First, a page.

Medical advances such as endoscopes and image-guided surgery have made this once invasive and potentially scarring procedure more patient-friendly, more targeted and more effective than ever before.
Sinuses are air cavities in the bony walls surrounding the nasal passages. Sinuses are drained and ventilated by small openings called ostia. Infection to these sinuses usually occurs with any common cold caused by bacteria or viruses. Most cases of such sinus infections (as in the common cold) recover spontaneously in a few weeks. Sinusitis which fails to resolve in a few weeks tends to occur (and recur) more commonly in individuals with/who:
- Structural abnormalities (e.g. enlarged nasal turbinates, a deviated nasal septum or structurally narrow sinus openings)
- Nasal polyps
- Allergic rhinitis
- Live in polluted environments
- Respiratory airways and swallowing may be affected if there is a large tumour
Treating acute sinusitis is the same as treating any common cold. In prolonged sinusitis cases, treatment would involve medical management of allergies and lifestyle changes (such as smoking cessation and avoidance of exposure to pollution). Surgery may be considered in cases of structural abnormality or nasal polyps which compromise drainage and ventilation of the sinuses, causing recurrent or chronic sinusitis.
Before the advent of the now-standard endoscopic sinus surgery (ESS), sinus surgery was performed by surgeons using headlight beams, peering up the nostrils, often with large incisions on the facial skin and bones to gain access to deeper structures. ESS uses an endoscope inserted through the nasal passages, without any surface incision, to operate on a wide variety of different pathology and diseases in the nasal passages and sinuses. Recent instrumental advances allow us to also operate on the base of the skull, brain and eyes (working together with brain or eye surgeons).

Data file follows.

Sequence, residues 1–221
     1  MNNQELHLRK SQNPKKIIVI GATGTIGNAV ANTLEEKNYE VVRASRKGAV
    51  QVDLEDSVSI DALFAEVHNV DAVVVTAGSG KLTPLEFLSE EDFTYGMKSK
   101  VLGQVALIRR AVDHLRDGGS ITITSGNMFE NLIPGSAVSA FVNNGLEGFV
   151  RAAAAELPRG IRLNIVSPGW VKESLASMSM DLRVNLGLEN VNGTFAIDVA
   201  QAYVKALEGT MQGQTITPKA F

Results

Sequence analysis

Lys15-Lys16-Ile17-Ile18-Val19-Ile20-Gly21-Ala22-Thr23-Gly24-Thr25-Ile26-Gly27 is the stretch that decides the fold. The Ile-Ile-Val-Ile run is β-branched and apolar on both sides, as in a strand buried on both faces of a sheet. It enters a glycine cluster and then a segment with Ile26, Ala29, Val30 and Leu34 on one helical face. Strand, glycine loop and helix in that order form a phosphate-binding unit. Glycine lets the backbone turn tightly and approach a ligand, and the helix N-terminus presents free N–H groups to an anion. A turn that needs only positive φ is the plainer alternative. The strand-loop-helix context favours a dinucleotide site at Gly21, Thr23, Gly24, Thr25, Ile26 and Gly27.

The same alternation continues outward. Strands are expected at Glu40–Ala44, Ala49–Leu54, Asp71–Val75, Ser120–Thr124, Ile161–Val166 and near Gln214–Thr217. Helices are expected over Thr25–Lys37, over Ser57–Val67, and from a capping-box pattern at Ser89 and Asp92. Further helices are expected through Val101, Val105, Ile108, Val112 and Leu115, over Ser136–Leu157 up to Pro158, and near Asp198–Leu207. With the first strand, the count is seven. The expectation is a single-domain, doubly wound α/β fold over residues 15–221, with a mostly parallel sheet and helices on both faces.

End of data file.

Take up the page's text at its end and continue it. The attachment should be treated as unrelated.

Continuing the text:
Even very complex and extensive surgery may be performed with the endoscope, without external scarring, swelling, superficial trauma or pain and with reduced blood loss. The hospital stay is also greatly reduced. Patients can usually be discharged the same day or after one night in hospital. ESS is commonly used for:
- Removing nasal polyps
- Removing blockages in the nose by correcting a deviated nasal septum, reducing nasal turbinates, and widening and creating sinus outflow tracts.
- Treatment of nasal neuralgia or sinus headache caused by pressure on a sensory nerve
- Treatment of sinus barotrauma (sinus pain that sometimes occurs on flights or scuba diving)
- Removal of benign or cancerous tumours of the nasal cavity or sinus
- As an approach to the base of the skull, brain and eyes
Image-Guided surgery (IGS) has become widely used in the last two decades. IGS involves the feeding of data from CT or MRI scans (taken before the surgery) into a computer system, which creates a 3-D ‘map’ of the sinuses and surrounding structures. The surgeon uses the IGS in real time during surgery. IGS shows exactly where the tip of the instrument is. It can identify structures even when proper visualisation is obscured by severe inflammation, swelling, mucopus or blood. This provides extra safety during surgery, particularly in complex surgeries and revision cases where the normal anatomical landmarks have been violated. IGS is very similar to using a GPS to navigate through unfamiliar territory.